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Israel on the Appomattox: A Southern Experiment in Black Freedom from the 1790s Through the Civil War

by Melvin Patrick Ely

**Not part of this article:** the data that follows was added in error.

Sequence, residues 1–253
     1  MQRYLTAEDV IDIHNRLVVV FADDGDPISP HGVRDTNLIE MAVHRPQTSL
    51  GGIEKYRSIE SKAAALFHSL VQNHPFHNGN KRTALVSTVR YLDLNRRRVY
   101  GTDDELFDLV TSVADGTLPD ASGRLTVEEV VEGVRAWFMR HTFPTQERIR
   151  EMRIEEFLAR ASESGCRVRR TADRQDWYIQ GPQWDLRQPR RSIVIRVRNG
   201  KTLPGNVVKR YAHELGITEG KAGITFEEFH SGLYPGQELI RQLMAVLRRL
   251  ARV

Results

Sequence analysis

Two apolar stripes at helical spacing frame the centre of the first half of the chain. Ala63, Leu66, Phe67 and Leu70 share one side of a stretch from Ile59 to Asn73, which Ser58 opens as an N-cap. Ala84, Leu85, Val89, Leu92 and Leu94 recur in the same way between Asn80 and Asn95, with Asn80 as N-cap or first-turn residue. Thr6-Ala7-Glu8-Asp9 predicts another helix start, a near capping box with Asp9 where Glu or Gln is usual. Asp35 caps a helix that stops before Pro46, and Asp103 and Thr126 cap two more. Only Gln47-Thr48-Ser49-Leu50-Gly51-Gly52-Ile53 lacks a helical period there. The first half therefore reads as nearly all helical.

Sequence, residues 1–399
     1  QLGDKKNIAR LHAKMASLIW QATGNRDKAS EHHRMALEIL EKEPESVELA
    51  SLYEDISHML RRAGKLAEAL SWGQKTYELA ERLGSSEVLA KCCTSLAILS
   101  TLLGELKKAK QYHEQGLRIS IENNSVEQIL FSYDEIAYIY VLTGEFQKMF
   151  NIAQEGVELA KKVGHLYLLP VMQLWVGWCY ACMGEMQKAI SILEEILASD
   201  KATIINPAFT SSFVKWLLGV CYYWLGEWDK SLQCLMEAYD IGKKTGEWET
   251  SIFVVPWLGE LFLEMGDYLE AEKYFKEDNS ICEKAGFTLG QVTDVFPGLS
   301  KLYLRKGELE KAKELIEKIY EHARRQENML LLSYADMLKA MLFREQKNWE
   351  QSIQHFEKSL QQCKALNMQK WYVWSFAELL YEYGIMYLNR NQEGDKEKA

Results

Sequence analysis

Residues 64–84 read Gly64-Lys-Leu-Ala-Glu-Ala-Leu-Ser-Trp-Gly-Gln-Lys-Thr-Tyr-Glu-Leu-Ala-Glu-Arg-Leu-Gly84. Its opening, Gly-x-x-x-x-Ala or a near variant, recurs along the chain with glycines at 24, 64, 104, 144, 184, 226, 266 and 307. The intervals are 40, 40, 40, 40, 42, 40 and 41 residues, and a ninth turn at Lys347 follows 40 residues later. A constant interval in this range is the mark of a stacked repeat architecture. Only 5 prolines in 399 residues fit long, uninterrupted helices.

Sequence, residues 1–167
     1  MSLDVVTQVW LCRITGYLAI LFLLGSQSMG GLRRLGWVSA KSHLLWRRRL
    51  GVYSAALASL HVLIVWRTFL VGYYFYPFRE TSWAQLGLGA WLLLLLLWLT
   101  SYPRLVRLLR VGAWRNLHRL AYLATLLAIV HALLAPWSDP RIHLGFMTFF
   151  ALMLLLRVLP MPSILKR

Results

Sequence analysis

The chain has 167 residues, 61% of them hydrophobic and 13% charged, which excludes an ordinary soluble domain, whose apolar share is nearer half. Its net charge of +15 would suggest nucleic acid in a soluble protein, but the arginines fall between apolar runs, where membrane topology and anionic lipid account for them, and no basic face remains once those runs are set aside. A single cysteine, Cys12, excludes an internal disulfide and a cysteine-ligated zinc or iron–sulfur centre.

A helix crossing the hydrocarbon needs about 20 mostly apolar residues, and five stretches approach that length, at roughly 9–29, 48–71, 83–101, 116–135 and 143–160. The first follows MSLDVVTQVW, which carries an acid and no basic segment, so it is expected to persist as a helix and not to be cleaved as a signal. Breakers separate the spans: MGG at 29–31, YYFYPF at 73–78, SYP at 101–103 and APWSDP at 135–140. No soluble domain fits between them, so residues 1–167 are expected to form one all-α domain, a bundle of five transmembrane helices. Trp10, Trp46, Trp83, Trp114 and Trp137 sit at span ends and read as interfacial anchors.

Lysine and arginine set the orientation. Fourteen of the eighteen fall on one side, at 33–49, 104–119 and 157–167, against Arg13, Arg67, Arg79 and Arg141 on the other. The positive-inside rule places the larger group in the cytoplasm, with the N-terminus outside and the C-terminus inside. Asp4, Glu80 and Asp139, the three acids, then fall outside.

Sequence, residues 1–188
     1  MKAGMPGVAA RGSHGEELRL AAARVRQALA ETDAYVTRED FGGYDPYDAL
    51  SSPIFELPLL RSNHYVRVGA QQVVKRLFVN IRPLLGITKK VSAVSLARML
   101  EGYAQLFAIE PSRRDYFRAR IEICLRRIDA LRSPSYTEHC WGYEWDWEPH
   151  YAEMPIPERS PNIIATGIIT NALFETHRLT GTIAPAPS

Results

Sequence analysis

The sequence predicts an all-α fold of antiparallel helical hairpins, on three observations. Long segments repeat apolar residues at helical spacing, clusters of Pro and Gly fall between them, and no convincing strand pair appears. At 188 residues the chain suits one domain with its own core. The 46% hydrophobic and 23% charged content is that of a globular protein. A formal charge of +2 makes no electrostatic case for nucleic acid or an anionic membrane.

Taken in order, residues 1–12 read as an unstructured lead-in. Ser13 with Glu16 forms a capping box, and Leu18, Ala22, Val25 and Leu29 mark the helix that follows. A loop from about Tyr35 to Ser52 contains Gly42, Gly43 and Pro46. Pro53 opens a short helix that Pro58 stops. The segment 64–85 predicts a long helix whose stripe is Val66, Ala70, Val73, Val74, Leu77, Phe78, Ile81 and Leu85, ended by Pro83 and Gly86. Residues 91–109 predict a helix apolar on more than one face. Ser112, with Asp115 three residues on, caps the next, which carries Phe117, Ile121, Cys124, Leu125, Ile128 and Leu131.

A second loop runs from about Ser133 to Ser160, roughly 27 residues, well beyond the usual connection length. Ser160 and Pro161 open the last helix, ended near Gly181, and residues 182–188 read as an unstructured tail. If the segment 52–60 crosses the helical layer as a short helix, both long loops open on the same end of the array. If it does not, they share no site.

Thomas Jefferson condemned slavery but denied that whites and liberated blacks could live together in harmony. Jefferson's young cousin Richard Randolph and ninety African Americans set out to prove the sage of Monticello wrong. When Randolph died in 1796, he left land for his formidable bondman Hercules White and for dozens of other slaves. Freed, they could build new lives there alongside white neighbors and other blacks who had gained their liberty earlier. Fittingly, the Randolph freedpeople called their promised land Israel Hill. These black Israelites and other free African Americans established farms, plied skilled trades, and navigated the Appomattox River in freight-carrying "batteaux. " Hercules White's son Sam and other free blacks bought and sold boats, land, and buildings, and they won the respect of whites. Melvin Patrick Ely captures a series of remarkable personal and public dramas: free black and white people do business with one another, sue each other, work side by side for equal wages, join forces to found a Baptist congregation, move West together, and occasionally settle down as man and wife. Even still-enslaved blacks who face charges of raping or killing whites sometimes find ardent white defenders. Yet slavery's long shadow darkens this landscape in unpredictable ways. After Nat Turner's slave revolt, county officials confiscate and auction off free blacks' weapons-and then vote to give the proceeds to the blacks themselves. One black Israelite marries an enslaved woman and watches, powerless, as a white master carries three of their children off to Missouri; a free black miller has to bid for his own wife at a public auction. Proslavery hawks falsely depict Israel Hill to the nation as a degenerate place whose supposed failure proves blacks are unfit for freedom. The Confederate Army compels free black men to build fortifications far from home, until Lee finally surrenders to Grant a few miles from Israel Hill. Ely tells a moving story of hope and hardship, of black pride and achievement. He shows us an Old South we hardly know, where ties of culture, faith, affection, and economic interest crossed racial barriers-a society in which, ironically, many whites felt secure enough to deal fairly and even cordially with free African Americans partly because slavery still held most blacks firmly in its grip.

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